Everyone's had one of those groggy mornings after drinking where you can't remember if you cried in the toilet all night, or trampled across an entire South Korean city, right?
If so, Nacho Vigalando's Colossal will get very close to the bone, examining addiction through a unique hybrid of monster movie and indie mumblecore film. If that sounds confusing, think what would happen if Godzilla met Blue Valentine and had the most destructive, self-loathing baby imaginable.
Anne Hathaway (Les Miserables, The Princess Diaries) stars as Gloria, an adult who is well and truly struggling with growing up. After being fired from her online writing job, she is living and partying in New York at night while her boyfriend Tim (Dan Stevens) works his "real job" by day. Thrown out of his apartment after yet another night of debauchery, Gloria returns to the comfort of her tiny home town to straighten out her life. Upon arrival, she is reunited with her childhood friend Oscar (Jason Sudeikis), who now runs the local bar.
While Gloria struggles with her miniature meltdown, massive news floods in from overseas that a giant scaly creature has been wreaking havoc and taking lives in Seoul, South Korea. As the town grinds to a halt and residents stay glued to their screens, Gloria notices more than a few similarities between herself and the monster. Could it be that her catastrophic blackout drinking is actually what unleashes this beast on innocent people thousands of miles away?
Hathaway's Gloria is a repetitive train wreck of self-sabotage, drawing upon a more pared-back version of what we've seen of her in Rachel Getting Married. Try as she may to inject humour, many of the comedic moments are met with a stony silence that forces the mind to travel to parallel universes where the dour Aubrey Plaza or the chirpy Anna Kendrick had the top-billing role.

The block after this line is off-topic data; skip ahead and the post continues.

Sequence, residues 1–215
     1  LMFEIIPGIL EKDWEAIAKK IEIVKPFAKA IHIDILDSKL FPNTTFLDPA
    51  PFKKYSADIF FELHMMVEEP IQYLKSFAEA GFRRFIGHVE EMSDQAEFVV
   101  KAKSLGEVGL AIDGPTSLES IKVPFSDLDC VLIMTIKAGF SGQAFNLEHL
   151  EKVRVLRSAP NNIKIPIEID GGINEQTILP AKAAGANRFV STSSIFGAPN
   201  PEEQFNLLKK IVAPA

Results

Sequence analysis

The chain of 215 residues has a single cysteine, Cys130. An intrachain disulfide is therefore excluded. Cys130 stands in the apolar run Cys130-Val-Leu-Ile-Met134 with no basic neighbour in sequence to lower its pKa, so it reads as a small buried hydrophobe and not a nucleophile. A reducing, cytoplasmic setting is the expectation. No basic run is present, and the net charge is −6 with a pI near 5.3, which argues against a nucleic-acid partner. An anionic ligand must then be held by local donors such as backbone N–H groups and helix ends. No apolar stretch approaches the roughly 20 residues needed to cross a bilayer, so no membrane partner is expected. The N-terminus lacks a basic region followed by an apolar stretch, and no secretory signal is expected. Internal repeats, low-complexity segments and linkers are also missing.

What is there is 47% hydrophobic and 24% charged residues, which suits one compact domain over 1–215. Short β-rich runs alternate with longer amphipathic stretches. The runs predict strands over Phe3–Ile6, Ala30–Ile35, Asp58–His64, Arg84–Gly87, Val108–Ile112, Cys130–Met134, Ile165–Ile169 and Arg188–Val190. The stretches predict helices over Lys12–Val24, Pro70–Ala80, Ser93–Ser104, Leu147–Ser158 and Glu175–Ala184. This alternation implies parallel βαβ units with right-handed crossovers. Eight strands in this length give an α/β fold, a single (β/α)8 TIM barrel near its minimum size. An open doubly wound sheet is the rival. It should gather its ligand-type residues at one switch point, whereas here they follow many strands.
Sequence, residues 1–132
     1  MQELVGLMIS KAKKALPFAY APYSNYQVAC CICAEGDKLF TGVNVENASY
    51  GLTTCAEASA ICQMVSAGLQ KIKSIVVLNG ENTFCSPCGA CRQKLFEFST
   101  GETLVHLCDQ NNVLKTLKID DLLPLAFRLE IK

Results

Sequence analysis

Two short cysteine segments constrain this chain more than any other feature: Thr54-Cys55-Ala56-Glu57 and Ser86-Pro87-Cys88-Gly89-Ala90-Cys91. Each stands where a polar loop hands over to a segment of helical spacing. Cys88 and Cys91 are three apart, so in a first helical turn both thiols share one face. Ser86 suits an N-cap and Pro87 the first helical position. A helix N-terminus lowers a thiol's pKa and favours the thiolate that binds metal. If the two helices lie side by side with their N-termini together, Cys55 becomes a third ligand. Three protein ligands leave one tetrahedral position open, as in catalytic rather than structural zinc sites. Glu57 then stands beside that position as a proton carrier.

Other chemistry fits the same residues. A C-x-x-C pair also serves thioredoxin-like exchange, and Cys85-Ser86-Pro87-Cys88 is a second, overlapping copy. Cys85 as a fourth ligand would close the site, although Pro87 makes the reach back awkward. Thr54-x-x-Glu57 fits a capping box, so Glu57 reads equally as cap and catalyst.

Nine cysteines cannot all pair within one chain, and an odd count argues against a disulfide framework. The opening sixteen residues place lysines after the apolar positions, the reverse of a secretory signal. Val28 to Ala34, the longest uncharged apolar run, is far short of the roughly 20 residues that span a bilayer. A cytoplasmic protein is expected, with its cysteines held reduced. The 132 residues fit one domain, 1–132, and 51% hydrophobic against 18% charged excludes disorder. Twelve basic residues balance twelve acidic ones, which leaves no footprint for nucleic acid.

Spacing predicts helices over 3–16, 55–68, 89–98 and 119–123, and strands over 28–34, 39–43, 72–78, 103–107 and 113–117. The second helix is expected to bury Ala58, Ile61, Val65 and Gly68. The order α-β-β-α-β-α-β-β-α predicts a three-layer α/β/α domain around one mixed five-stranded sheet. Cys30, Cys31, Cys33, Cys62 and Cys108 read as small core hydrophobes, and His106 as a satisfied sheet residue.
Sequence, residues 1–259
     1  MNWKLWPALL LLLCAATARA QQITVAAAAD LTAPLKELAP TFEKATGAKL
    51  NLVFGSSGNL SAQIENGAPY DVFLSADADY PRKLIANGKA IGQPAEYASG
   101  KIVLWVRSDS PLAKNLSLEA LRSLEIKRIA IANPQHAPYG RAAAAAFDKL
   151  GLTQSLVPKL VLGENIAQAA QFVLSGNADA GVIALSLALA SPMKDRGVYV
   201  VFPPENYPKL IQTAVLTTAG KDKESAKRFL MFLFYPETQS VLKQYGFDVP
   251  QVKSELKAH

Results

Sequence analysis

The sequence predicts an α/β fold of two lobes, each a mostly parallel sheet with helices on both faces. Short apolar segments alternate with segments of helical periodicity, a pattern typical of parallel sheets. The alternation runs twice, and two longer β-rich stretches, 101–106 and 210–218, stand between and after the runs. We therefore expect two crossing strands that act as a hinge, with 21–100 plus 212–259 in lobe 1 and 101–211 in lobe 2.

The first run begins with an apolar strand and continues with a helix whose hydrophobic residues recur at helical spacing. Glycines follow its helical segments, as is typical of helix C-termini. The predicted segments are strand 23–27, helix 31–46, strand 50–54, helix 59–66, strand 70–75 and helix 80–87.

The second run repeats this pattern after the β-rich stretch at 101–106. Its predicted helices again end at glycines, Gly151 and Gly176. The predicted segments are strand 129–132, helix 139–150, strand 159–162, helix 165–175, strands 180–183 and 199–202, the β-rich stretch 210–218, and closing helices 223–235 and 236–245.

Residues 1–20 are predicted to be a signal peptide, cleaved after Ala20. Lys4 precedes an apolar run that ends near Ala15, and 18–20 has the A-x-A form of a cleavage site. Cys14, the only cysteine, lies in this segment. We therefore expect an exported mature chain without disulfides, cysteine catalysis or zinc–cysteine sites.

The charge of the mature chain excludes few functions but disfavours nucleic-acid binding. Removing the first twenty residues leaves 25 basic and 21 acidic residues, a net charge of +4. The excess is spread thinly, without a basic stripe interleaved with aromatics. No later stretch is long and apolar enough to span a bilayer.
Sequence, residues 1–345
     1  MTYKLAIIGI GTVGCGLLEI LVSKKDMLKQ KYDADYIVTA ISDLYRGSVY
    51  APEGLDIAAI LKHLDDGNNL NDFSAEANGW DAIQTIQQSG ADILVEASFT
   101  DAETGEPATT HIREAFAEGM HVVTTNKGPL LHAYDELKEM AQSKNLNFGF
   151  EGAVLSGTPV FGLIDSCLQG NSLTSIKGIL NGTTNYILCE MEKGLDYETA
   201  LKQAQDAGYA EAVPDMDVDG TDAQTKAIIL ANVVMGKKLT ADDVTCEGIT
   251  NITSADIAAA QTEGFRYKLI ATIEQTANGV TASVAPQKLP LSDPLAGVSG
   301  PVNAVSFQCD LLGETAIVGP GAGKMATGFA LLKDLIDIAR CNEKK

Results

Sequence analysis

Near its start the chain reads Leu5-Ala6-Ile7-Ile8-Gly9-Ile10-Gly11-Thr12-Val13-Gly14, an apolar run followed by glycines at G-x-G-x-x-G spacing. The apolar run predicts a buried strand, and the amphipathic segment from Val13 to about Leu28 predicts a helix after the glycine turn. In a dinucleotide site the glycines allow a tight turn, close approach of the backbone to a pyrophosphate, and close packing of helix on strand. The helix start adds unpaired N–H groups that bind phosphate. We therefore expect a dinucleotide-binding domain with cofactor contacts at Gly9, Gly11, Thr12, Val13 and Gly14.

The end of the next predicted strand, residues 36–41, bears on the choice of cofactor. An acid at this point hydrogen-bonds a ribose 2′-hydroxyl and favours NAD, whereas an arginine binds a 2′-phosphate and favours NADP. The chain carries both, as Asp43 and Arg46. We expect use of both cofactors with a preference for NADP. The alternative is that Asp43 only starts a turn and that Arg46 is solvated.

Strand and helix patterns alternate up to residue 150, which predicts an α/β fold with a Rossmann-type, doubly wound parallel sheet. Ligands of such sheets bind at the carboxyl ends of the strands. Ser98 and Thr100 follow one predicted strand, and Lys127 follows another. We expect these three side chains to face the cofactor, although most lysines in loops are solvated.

Sudeikis is the big surprise of the film, unleashing a toxic masculine presence that allows him to go much more extreme than anything you will see in Hall Pass.
As you may expect, juggling a monster movie with a personal drama can be incredibly awkward and the film suffers from several instances where its big clunky dinosaur paws can't seem to get their footing. It begins with much more comedic promise, but slowly spirals into something that's trying to be serious. When Oscar's own demons surface, you can feel the film desperately clawing at something deeper, but it never really allows itself to get as dark and revealing as you might expect.
Colossal does have an unexpected poignancy in its treatment of unfolding global catastrophes, however. Perhaps even by accident, trying to live in the best way while also staying glued to global threats, terror and general fragility feels particularly timely. Why bother trying to vacuum when the world is on the brink of collapse, you know? There's no missing the metaphor of America swinging its arms on its own soil and tearing down an entire city elsewhere. Gloria herself sourly notes that people will care far less about the chaos sooner because it's not in the Western world.
Colossal is an odd film that may feel disorienting to some, but it's also a totally original conceit that dares to tackle a little thing in a gigantic way. The characters and concept eventually wear a bit thin, but the waning pace is saved by a thrilling conclusion on the ravaged streets of Seoul. It's a film that stomps across genres and isn't afraid to make some mistakes, and asks each of us to think about the big implications of our small actions.